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Letter: Affordable Fix for Mascoma High

To the Editor:

As the school year comes to an end and we congratulate the graduating class of ’13, the renovation of the Mascoma Valley Regional High School remains in limbo. With fire code issues looming, doing nothing is not an option. Band-Aids and a sprinkler system may be cheaper than a full renovation, but will cost us more in the long run. On the other hand, spending tens of millions of dollars and raising property taxes by as much as 10 percent has also proven unpalatable to voters year after year.

My perspective is that the school needs the work, but the prior plan would have wasted millions of dollars. We voters were right to reject it and demand better value. This is a question of balancing merits with cost. If the renovation could be paid for with a bake sale, most of us would agree that’s a good deal. If it cost $1 billion, most of us would oppose it.

While there are specifics I would change in the old plan, the School Board is best positioned to identify the school’s core needs. However, the School Board also appeared to put more effort into trying to persuade voters to support their plan as-is than into cutting waste and protecting taxpayers. The 72-page Mascoma Valley Regional High School Master Plan has 71 pages promoting the improvements, but only one explaining the budget. Obvious sources of waste included administrative costs and excess capacity expansion.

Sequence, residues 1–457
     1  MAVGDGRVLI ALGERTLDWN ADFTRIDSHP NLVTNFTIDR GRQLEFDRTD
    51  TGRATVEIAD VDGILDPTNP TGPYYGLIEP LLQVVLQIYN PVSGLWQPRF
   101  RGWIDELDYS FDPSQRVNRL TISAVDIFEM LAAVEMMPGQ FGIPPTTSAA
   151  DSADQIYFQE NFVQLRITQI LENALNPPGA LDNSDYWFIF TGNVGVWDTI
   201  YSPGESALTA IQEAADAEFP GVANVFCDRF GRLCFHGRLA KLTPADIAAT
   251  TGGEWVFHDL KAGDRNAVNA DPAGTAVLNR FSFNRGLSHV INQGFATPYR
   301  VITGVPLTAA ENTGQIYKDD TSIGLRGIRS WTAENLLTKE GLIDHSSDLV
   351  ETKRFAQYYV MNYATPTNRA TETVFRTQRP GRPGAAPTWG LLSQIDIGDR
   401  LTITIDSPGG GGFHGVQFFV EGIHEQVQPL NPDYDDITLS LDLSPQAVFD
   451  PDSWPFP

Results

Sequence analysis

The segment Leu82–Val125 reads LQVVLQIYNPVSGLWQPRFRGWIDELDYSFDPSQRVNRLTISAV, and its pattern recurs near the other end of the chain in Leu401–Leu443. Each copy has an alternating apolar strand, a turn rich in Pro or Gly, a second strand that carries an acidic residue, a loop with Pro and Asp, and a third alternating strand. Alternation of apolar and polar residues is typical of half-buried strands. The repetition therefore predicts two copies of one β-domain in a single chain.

Budget waste hurts taxpayers and our kids, too. Higher taxes mean parents have less money for home computers, travel, museum visits, sports equipment, musical instruments, books and science kits. And many taxpayers don’t even have children.

Fortunately, small changes to the plan and a cost-blocking defense worthy of Boston Bruins goalie Tuukka Rask can save taxpayers and our community millions of dollars. I ask the School Board to work with those of us who are eager to help transform the bloated plan into a lean win for taxpayers and students alike.

With two kids who will attend Mascoma High, I want a strong school. But there’s just no excuse for a 10 percent tax increase. Let’s get it right.

Colin Higbie